5 October 2016 at 1.20pm | Comment on this article
Isango Ensemble storms the world stage
A Man of Good Hope is the latest production by Cape Town-based theatre company Isango Ensemble. Founded in 2000, the company has stormed the world stage with award-winning productions that bring together music, dance and theatre, all performed by a true ensemble cast. The company is perhaps best known for its adaptations of classic operas: U-Carmen Ekhayelitsha, La bohème Abanxaxhi and The Magic Flute Impempe Yomlingo all retell these stories in a contemporary township setting, reimagining the music through a South African lens. Within this feast of music and dance there always runs a thread of fervent political comment – and A Man of Good Hope is no different.
The true story behind A Man of Good Hope
Isango Ensemble’s A Man of Good Hope is inspired by the 2015 non-fiction book of the same name by South African writer and scholar Jonny Steinberg. In it he tells the true life story of Asad Abdullahi, who by the time he met Steinberg in Blikkiesdorp, Cape Town, had travelled far from his Somalian hometown. Fleeing Mogadishu aged eight after seeing his mother murdered by militiamen, Abdullahi’s odyssey took him through most of the horn of Africa. Living off his wits and running from regime change, he eventually ends up working as a hustler in Blikkiesdorp, South Africa’s ‘Tin Can Town’. Steinberg finds in Abdullahi’s story not only the depressingly familiar tale of forced migration through violence, but a remarkable strength of hope and ambition in the face of astonishing odds.
A riot of song and dance
Song and dance are intrinsic elements in Isango Ensemble’s theatrical style, springing naturally from the stories and becoming exuberant, natural intensifiers of the narrative. For A Man of Good Hope, music director Mandisi Dyantyis and movement director Lungelo Ngamlana draw on the cultural styles of Ethiopia, Tanzania, Zambia and finally South Africa to colour and contextualize Abdullahi’s journey, using music and dance to illustrate not only the environments he moves through but the people he meets. The all-singing, all-dancing cast are joined on stage by seven marimbas, djembe drums and further percussion made from drinks bottles and dustbins to create this musical journey.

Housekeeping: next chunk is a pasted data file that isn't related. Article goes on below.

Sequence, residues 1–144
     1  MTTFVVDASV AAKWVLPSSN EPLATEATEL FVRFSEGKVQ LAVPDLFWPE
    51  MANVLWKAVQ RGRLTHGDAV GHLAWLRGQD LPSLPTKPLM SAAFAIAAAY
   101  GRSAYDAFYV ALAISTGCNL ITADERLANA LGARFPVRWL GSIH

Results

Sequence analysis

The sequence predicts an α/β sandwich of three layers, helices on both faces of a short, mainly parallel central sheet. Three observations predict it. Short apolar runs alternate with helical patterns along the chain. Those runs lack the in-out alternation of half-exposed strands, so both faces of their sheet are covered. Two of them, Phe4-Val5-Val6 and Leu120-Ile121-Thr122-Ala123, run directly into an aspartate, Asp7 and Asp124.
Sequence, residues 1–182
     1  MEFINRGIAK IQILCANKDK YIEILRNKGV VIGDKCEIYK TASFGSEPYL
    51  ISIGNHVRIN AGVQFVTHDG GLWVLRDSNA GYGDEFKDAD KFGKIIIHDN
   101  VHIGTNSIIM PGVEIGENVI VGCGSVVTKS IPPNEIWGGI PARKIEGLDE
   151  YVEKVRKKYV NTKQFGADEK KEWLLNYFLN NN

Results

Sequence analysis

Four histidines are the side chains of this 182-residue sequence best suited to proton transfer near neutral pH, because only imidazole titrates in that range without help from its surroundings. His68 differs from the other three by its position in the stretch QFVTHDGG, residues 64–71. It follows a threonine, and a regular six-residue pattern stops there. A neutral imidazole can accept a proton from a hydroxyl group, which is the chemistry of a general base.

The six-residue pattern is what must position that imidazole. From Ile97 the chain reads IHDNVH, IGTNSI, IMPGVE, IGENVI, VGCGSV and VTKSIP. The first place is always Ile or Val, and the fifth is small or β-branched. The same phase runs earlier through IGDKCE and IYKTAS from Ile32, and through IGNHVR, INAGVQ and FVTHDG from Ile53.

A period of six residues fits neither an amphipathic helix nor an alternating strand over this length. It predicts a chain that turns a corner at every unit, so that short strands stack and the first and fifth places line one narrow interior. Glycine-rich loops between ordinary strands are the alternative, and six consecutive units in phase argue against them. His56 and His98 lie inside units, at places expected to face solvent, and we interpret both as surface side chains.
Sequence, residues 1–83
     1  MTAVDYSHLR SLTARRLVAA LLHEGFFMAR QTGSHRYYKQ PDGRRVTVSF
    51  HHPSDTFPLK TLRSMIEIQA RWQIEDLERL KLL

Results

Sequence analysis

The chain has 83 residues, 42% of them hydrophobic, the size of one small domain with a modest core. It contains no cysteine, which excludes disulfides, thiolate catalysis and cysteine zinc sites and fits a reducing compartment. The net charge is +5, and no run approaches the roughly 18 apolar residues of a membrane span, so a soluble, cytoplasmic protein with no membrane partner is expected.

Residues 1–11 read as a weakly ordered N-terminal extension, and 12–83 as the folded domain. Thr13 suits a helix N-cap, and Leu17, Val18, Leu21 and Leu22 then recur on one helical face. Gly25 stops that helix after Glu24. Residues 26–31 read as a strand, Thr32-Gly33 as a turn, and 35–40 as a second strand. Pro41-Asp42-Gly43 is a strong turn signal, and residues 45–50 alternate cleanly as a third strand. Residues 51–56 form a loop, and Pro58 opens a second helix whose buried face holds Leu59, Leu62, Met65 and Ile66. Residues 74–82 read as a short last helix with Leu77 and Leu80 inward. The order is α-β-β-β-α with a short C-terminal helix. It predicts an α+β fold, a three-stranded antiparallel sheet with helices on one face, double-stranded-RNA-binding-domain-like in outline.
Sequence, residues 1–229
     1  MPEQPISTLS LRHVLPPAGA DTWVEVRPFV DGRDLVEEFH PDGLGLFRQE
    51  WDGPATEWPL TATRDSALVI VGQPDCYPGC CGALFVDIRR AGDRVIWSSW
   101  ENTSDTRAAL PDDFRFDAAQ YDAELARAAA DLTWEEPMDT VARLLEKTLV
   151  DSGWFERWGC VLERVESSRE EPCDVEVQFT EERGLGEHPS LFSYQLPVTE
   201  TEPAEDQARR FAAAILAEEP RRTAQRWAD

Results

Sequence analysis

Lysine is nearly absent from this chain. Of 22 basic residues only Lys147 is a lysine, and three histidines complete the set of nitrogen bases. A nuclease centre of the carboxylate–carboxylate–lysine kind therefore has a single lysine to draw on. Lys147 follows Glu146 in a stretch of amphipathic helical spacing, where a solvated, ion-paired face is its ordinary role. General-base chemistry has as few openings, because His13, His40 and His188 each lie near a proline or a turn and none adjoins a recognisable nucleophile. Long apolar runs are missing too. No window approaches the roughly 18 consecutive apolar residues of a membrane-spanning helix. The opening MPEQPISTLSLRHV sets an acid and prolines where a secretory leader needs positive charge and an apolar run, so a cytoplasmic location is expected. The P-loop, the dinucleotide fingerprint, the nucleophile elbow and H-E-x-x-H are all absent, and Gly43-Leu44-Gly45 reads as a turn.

The spirit of the townships
Isango Ensemble’s performers mostly grew up in Cape Town townships, and come to Isango from all levels of professional development – giving the company a unique energy and sense of community. As the company’s Artistic Director and co-founder Mark Dornford-May explains, ‘the great strength of Isango is that it is an ensemble company – maybe one of two or three ensemble companies left in the world’, with each person involved a crucial element in bringing their stories to life. Isango is dedicated to finding new routes for the next generations of South African performers and raising awareness of the work that needs to be done to improve access: the two child performers in A Man of Good Hope are, says Isango, drawn from schools where ‘the talent is phenomenal, the opportunities few’.
London has offered a welcoming home to Isango Ensemble since its first international tour in 2001. The company has performed at numerous theatres around the capital but has formed a particularly close relationship with the Young Vic, which co-produced The Magic Flute Impempe Yomlingo (winner of the Olivier Award for Best Musical Revival) and A Christmas Carol Ikrismas Kherol. The partnership continues with A Man of Good Hope – but the production is a first for The Royal Opera, which co-produces as part of its rich programme of contemporary work created in partnership with the world’s leading music, dance and theatre organizations. Further collaborations this Season include the revival of ZooNation’s The Mad Hatter’s Tea Party, at the Roundhouse.
A Man of Good Hope runs 6 October–12 November 2016. Tickets are still available.